The financial crisis saw bank CEOs engaging in some extremely dangerous activities. For instance, Andrew Ross Sorkin recounts a fraught journey by Morgan Stanley CEO John Mack in his book, "Too Big To Fail."

Background: Mack had been summoned from his office in Times Square to the New York Fed, and so he jumped into his chauffeur-driven Audi, only to find it stuck in traffic on the West Side Highway.

  • Mack's driver, a former police officer, beat the traffic by "speeding" down a separated bike lane that runs along the Hudson River instead.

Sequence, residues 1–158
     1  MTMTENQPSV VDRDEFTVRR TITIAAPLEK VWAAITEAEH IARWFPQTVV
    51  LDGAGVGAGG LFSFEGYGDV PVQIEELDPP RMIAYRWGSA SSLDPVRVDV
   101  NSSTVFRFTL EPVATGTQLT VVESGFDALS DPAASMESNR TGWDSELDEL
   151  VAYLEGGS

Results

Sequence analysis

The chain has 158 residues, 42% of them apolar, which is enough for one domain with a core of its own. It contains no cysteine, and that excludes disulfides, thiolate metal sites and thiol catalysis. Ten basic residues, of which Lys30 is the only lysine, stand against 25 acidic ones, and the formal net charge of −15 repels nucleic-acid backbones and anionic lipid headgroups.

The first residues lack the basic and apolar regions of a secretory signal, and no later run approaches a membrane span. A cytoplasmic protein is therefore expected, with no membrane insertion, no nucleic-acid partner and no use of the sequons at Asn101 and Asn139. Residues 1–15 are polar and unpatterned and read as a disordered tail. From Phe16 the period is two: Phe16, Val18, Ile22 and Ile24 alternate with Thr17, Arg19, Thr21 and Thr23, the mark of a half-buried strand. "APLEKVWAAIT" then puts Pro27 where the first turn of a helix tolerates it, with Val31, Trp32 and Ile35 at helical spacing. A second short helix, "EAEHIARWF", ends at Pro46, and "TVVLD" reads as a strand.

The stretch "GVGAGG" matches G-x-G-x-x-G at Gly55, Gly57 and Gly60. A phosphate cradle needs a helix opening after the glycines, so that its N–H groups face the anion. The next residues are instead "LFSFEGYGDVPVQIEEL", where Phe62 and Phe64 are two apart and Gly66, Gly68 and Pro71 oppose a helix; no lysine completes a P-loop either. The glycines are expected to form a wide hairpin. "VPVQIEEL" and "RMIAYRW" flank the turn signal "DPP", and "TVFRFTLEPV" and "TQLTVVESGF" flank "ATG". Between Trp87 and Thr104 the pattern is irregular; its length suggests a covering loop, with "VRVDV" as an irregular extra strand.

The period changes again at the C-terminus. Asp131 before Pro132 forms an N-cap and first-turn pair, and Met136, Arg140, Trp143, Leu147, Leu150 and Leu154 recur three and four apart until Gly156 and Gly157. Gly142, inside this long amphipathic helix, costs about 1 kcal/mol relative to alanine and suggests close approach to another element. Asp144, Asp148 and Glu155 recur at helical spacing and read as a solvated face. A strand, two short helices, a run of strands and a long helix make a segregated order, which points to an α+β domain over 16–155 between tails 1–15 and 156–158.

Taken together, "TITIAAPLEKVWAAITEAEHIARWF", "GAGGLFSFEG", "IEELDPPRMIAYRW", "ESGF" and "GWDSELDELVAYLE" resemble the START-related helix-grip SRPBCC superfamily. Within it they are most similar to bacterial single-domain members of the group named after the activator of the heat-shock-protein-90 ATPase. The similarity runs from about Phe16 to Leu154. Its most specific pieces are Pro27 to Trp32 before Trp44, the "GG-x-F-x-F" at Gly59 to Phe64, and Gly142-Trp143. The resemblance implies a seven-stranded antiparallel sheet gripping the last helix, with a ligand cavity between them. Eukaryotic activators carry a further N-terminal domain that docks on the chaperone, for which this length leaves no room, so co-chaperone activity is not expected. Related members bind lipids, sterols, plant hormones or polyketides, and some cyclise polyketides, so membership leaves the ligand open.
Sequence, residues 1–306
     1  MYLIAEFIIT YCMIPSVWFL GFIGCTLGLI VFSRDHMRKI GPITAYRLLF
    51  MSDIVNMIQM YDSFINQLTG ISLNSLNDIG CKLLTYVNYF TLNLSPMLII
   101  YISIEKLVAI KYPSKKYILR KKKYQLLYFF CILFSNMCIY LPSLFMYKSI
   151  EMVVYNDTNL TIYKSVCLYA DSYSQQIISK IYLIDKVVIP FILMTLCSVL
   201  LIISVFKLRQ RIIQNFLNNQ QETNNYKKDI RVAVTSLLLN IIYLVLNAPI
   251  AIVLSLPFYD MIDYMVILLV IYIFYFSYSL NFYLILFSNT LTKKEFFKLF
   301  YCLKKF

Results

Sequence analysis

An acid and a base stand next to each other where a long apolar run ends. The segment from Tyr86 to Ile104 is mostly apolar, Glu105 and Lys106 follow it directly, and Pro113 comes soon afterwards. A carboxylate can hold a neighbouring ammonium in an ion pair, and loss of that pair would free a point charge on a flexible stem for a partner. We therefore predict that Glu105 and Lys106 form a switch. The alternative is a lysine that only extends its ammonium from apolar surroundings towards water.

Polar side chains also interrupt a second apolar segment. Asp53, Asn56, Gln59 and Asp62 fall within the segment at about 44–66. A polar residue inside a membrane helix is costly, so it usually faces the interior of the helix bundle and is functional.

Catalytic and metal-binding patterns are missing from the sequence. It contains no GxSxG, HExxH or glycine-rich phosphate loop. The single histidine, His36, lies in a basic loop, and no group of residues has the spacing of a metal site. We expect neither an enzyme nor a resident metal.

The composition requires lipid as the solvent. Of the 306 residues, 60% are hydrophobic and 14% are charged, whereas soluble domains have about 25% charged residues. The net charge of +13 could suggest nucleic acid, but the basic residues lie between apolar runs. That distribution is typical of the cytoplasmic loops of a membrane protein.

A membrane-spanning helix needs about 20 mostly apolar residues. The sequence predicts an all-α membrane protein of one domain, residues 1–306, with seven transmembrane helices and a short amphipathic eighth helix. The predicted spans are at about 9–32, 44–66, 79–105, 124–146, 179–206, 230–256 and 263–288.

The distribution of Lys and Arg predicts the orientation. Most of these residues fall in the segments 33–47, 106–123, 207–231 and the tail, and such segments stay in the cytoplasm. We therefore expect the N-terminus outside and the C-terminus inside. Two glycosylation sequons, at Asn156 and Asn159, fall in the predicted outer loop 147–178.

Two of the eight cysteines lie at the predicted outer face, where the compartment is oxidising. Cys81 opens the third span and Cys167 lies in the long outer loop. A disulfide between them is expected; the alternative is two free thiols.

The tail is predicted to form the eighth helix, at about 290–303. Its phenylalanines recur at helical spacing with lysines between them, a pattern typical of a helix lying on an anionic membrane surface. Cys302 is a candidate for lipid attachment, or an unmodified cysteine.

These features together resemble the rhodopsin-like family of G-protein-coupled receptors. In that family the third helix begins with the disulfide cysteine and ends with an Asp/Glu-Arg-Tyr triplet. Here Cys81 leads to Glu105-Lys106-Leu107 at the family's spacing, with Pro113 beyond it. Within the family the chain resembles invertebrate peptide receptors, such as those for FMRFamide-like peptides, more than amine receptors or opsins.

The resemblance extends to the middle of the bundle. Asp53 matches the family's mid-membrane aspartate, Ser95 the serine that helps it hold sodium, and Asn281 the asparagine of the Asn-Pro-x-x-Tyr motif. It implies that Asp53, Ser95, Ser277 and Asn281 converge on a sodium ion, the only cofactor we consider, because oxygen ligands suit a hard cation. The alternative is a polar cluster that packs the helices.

Goldman Sachs CEO David Solomon knows that it would have been quicker still for Mack to have just jumped on a subway from midtown. (Or, if he wanted to borrow a move from Michael Bloomberg, get his driver to drive him to the 4 train.)

  • Although some of his board members are reportedly horrified, Solomon tells Fortune that he regularly travels by the most efficient means available. "Why wouldn’t you take the subway?” he told reporter Jen Wieczner. “It’s quicker and more efficient."

Go deeper: CEOs are America's new politicians

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Dan Primack, author of Pro Rata
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